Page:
October 1973

Cerebral Arteriovenous Fistula in Hereditary Hemorrhagic Telangiectasia

Author Affiliations

Neurology Service Veterans Administration Hospital Minneapolis

Am J Dis Child. 1973;126(4):563. doi:10.1001/archpedi.1973.02110190459026

To the Editor.—Recently, Boynton and Morgan1 described an infant with a positive family history of hereditary hemorrhagic telangiectasia (HHT) who died of congestive heart failure secondary to a large cerebral arteriovenous (AV) malformation. The authors believed their case was a unique instance of large cerebral AV malformation associated with HHT. However, other such cases have been reported previously2-4 and we have seen an additional example in a 46-year-old man with typical HHT, whose angiogram revealed a large AV malformation in the left frontal-parietal area and a smaller one in the right frontal pole. Cerebral vascular malformations of smaller and unspecified size have also been described in patients with HHT.5-10 In its relation to HHT, Boynton and Morgan's case was unusual only with respect to the early age at which the cerebral AV malformation manifested.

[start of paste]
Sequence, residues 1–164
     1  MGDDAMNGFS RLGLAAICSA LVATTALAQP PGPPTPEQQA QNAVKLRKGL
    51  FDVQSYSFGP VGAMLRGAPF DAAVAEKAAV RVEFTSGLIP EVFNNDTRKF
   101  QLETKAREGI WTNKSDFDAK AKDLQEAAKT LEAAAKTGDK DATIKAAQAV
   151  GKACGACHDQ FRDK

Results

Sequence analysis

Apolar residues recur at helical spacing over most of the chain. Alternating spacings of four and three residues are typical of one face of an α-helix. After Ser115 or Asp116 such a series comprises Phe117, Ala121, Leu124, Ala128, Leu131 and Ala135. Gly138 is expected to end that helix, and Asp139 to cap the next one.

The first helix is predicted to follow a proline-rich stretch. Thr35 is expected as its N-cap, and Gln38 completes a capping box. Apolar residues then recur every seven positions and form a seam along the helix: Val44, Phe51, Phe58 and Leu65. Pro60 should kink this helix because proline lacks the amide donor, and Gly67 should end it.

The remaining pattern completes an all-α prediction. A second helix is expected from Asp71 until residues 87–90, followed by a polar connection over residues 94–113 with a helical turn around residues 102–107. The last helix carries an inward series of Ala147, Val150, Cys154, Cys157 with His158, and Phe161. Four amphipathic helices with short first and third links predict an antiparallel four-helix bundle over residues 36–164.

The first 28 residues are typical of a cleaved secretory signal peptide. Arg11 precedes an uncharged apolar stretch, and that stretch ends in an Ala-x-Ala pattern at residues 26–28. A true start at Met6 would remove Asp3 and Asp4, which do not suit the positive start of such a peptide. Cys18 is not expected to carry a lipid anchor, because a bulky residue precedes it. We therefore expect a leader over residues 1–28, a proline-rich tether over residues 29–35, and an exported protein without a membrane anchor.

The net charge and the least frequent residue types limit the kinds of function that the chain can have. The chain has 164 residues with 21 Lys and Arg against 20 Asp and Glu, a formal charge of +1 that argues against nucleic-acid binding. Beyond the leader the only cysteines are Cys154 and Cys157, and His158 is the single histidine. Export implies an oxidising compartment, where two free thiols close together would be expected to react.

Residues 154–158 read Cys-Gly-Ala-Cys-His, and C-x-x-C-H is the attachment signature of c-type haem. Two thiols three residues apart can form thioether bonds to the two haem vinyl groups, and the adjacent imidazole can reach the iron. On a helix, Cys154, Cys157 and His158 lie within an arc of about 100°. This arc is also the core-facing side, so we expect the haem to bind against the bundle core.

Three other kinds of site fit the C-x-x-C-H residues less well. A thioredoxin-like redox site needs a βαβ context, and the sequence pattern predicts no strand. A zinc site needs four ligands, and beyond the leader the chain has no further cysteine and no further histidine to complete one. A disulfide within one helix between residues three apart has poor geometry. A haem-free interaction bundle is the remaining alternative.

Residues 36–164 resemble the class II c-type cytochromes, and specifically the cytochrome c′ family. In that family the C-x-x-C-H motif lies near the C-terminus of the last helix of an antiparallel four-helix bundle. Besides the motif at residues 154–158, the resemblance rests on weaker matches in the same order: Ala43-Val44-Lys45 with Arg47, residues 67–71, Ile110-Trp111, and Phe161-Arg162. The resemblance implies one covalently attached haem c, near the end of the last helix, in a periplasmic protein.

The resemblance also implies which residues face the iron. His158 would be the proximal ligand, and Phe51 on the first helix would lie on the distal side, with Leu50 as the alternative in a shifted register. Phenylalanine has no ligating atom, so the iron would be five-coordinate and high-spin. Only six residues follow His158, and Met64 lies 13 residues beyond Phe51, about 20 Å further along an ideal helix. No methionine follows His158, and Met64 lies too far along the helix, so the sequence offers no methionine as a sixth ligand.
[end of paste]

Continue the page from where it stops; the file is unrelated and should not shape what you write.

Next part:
In view of the high frequency of neurological symptoms in HHT, such

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